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How this TCNJ senior’s recent discovery is making the entomological history books

Sarah Knapik holds a tiny moth on a pin

Sarah Knapik spent a lot of time scouting around the storm drain at Lake Ceva this fall as she worked to build the bug collection needed for her entomology class. It paid off.

She found a Lepidotarphius perornatella — a colorful species of moth never before recorded in New Jersey. Native to East Asia, the moth had been recorded only once elsewhere in the United States: a sighting in Iowa in 2017.

Knapik, a biology major from South Amboy, will upload a description of the moth where it was located on the website and get credit for finding the species on the East Coast.

“I love organismal biology a lot,” said the senior, who plans to go to graduate school after her graduation from TCNJ this spring. “This has been a really interesting roller coaster,” she said.

When she couldn’t identify the moth she’d found, Knapik brought it to her professor, Mark Mayer, who contacted a former colleague in the New Jersey Department of Agriculture. Ryan Rieder, bureau chief of plant pest and disease control, was able to make the ID.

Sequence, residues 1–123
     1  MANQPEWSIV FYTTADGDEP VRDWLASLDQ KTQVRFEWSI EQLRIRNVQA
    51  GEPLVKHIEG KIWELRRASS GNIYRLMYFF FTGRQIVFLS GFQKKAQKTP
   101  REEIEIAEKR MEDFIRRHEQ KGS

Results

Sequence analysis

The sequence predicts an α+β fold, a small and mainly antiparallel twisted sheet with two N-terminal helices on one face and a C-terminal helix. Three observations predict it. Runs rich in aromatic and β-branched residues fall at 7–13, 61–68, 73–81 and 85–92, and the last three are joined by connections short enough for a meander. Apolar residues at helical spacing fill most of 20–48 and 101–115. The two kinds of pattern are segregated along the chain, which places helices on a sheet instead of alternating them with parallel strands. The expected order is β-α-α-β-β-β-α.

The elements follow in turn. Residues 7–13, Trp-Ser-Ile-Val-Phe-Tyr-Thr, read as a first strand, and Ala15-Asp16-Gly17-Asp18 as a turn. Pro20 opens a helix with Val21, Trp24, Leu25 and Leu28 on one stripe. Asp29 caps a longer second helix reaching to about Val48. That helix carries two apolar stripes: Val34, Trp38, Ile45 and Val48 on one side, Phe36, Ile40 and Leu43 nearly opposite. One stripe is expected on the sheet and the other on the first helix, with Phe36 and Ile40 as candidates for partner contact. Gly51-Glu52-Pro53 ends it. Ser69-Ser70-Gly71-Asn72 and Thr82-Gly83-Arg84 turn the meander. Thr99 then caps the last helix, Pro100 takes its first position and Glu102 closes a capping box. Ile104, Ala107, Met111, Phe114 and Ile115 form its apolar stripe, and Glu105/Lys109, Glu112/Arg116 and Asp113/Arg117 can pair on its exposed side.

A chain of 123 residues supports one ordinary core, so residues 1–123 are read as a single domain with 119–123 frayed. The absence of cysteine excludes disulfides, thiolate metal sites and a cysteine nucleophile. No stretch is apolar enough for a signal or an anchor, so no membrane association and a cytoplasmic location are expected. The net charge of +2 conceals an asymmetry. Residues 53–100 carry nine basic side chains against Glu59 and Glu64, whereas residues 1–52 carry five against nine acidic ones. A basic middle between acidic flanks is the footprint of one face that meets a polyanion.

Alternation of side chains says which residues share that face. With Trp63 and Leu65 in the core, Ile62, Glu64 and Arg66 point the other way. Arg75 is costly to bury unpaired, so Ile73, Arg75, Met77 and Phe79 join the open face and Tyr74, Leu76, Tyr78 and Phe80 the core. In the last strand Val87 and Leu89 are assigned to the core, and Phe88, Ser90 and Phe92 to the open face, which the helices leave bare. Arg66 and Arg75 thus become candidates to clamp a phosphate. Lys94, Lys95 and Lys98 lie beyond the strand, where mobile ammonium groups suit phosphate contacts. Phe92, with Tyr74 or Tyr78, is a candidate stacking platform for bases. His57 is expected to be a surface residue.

“This is really exciting,” said Mayer, an adjunct professor in the biology department and retired entomologist with the agriculture department’s insect lab. “It’s a really attractive little moth, really pretty. Two thirds of the wings are metallic green and the back part are orange with silver spots.”

Sarah Knapik holds a small white box with a new (to New Jersey) species of moth.

The moth most likely came from Asia on a host plant. As little as two percent of shipping containers coming into the United States are inspected, Mayer noted. Spotted lantern flies, for example, came in on marble from China, he said. Thankfully, Knapik’s find is not believed to be an invasive species or so-called “actionable pest,” he said.

“Sarah is an excellent field biologist,” Mayer said. “There is a good chance that if you get down in the weeds, you’ll find something new.” At best, only about half of the estimated 2­–5 million bug species in the world have been identified, he noted. “That’s why bugs are so cool.”

Knapik said she’s in her element whether hunting bugs and insects or caring for the snakes in the laboratory of biology professor Howard Reinert, where she is a herpetology research intern. “As we’re speaking, I have a snake on me,” she said during a phone interview from the lab. “They’re all sweethearts, they’re my babies.”

Read more about the find in this article from

— Patricia Alex